Britain has a love affair with pies. They are the stalwarts of summer picnics; fat little pork and jelly parcels bundled up with hot water pastry and slice-me-up shortcrust filled with ham, beaten eggs and cheese. Then there is the autumnal arrival of those tart Bramley apples that upon baking become fluffy and sweet, caged up in precise latticework and served with Birds Eye custard, the jolly yellow colour that reminds us that we can never be bothered to make it from scratch. Then there is winter, with unctuous mincemeat dripping with suet, currants and booze that is spooned into the family sweet pastry recipe and served up from the middle of November. Yes, we love a good pie.
Upon thinking, it seems there isn’t much room for haphazardness with Great Britain’s love of pie; each recipe is carefully constructed and moulded to produce the same product time and time again. Ok, perhaps some families top their mince pies with stars, others a smooth disc of shortcrust, but they are all the same. Could they be a bit…boring?
I think that is why I like galettes so much. They are a free form pie, a kind of ‘I fancy pie but don’t want the faff of lining a tin, blind baking and measuring lattice strips with a tape measure’ type pie. This recipe is actually a leftover one, using the cinnamon pastry from my Cranberry and Clementine Christmas Pies. Since that was taken care of, all the effort went into dressing some ripe plums in brown sugar and spices before being baked into a beautiful festive pie. Because there is barely any effort involved in this recipe it might be a nice one to serve on Christmas Eve using mince pie pastry off cuts. Bear in mind this pie would probably only serve two, so if you want to feed a crowd, use a full quantity of cinnamon pastry and double the filling, perhaps baking for around 5 to 10 minutes longer. Either way it gives a stunning result and is the perfect antidote to perfect pies everywhere. Fancy a slice?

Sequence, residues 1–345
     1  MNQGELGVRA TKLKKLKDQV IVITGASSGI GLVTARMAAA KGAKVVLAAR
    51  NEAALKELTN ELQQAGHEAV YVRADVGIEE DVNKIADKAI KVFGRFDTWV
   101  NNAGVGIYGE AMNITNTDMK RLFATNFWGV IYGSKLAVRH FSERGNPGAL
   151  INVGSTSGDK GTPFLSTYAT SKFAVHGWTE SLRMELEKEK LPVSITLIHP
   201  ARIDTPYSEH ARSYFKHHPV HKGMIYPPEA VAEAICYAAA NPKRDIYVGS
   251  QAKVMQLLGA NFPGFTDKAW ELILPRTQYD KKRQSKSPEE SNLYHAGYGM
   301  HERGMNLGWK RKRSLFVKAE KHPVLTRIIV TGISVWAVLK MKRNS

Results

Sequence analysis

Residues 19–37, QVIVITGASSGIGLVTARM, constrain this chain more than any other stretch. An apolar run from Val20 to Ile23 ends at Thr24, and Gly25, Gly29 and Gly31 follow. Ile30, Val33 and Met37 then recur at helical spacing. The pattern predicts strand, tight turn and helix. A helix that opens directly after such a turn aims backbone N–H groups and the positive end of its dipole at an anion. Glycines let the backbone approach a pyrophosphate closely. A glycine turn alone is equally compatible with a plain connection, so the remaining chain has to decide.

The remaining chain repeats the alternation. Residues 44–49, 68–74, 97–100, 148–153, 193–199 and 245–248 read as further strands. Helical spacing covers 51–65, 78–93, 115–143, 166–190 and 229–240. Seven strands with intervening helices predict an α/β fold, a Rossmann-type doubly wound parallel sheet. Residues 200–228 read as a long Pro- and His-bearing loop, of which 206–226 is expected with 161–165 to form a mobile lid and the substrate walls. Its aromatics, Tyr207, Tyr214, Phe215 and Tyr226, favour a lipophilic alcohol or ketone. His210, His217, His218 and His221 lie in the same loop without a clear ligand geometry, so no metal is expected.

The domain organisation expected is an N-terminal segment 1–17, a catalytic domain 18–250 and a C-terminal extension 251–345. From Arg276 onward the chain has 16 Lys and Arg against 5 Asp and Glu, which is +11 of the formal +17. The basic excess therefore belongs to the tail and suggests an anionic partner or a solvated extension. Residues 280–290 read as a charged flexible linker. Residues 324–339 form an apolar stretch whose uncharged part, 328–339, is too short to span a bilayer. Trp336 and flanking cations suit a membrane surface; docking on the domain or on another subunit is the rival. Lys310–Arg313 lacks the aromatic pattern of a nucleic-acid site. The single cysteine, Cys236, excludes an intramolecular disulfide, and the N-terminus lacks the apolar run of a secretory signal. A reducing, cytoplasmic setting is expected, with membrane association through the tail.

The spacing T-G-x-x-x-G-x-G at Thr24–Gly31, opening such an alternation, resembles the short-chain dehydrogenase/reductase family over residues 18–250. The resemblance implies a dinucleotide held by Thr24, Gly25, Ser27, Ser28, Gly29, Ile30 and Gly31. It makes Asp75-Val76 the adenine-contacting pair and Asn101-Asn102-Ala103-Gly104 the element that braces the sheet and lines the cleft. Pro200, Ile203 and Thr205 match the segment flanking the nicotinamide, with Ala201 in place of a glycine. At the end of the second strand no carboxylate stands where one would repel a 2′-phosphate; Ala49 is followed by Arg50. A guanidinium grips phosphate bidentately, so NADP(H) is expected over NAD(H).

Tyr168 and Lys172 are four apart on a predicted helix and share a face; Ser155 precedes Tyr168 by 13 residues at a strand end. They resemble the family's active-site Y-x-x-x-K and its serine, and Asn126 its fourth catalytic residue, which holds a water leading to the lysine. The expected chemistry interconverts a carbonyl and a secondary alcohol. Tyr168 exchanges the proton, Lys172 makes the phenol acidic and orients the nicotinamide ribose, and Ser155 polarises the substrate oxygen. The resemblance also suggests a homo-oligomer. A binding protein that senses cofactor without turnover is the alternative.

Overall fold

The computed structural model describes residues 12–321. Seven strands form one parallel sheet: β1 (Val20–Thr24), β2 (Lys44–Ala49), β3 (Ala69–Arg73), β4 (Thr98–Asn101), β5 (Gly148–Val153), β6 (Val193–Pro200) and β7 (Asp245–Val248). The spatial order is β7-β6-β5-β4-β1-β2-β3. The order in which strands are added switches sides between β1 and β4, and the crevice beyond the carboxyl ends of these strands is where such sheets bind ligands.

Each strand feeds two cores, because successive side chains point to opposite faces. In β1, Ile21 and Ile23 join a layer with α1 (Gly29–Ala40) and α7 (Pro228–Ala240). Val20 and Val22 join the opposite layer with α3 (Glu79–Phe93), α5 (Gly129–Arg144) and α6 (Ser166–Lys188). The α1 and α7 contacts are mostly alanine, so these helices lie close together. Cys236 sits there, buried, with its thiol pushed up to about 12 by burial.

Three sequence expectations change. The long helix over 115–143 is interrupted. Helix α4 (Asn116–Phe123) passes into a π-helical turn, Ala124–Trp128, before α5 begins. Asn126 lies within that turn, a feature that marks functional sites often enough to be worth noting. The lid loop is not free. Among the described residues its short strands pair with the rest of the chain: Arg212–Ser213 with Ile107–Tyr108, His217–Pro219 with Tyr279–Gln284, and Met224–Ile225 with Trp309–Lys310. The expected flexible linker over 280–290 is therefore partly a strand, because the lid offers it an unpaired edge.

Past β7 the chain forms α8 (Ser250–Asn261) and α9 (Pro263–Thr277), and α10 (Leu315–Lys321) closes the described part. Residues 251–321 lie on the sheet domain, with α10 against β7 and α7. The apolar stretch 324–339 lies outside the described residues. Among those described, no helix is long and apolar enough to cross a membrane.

You Will Need
1 quantity of leftover cinnamon pastry from *this recipe*
3 ripe plums
¼ tsp ground cinnamon, plus extra to finish
¼ tsp ground ginger
A few pinches of nutmeg
A few twists of cracked black pepper
1 tbsp soft light brown sugar, plus extra to finish
1 tbsp plain flour
1 egg, beaten
Preheat an oven to 200oc/ 180oc fan and line a large baking sheet with baking parchment. Remove the pastry from the fridge and leave to come to room temperature slightly.
Slice the plums into eighths and place in a medium sized bowl. Sprinkle over the spices and sugar and stir to combine. Sprinkle over the flour then combine again. Set aside.
Flour a clean work surface then carefully roll the pastry to a rough circle that is around the size of a 20cm sandwich tin. Don’t worry if the edges are jagged, a rustic looking galette is quite nice. Roll to around 5mm thickness then carefully transfer to the baking sheet. Don’t worry if a piece breaks off, just press it back on and roll with a rolling pin to bring back together.
Pile the spiced fruit in the middle of the pastry then fold up the sides. The best way to do this is to fold up one piece then move clockwise overlapping slightly and pinching a little. Brush the pastry with the beaten egg and sprinkle over a little cinnamon and brown sugar to finish. Bake in the oven for around 20-25 minutes until the pastry is golden and the fruit jammy. Remove from the oven and leave to cool slightly before serving warm. A dollop of vanilla ice cream adds the perfect cooling texture.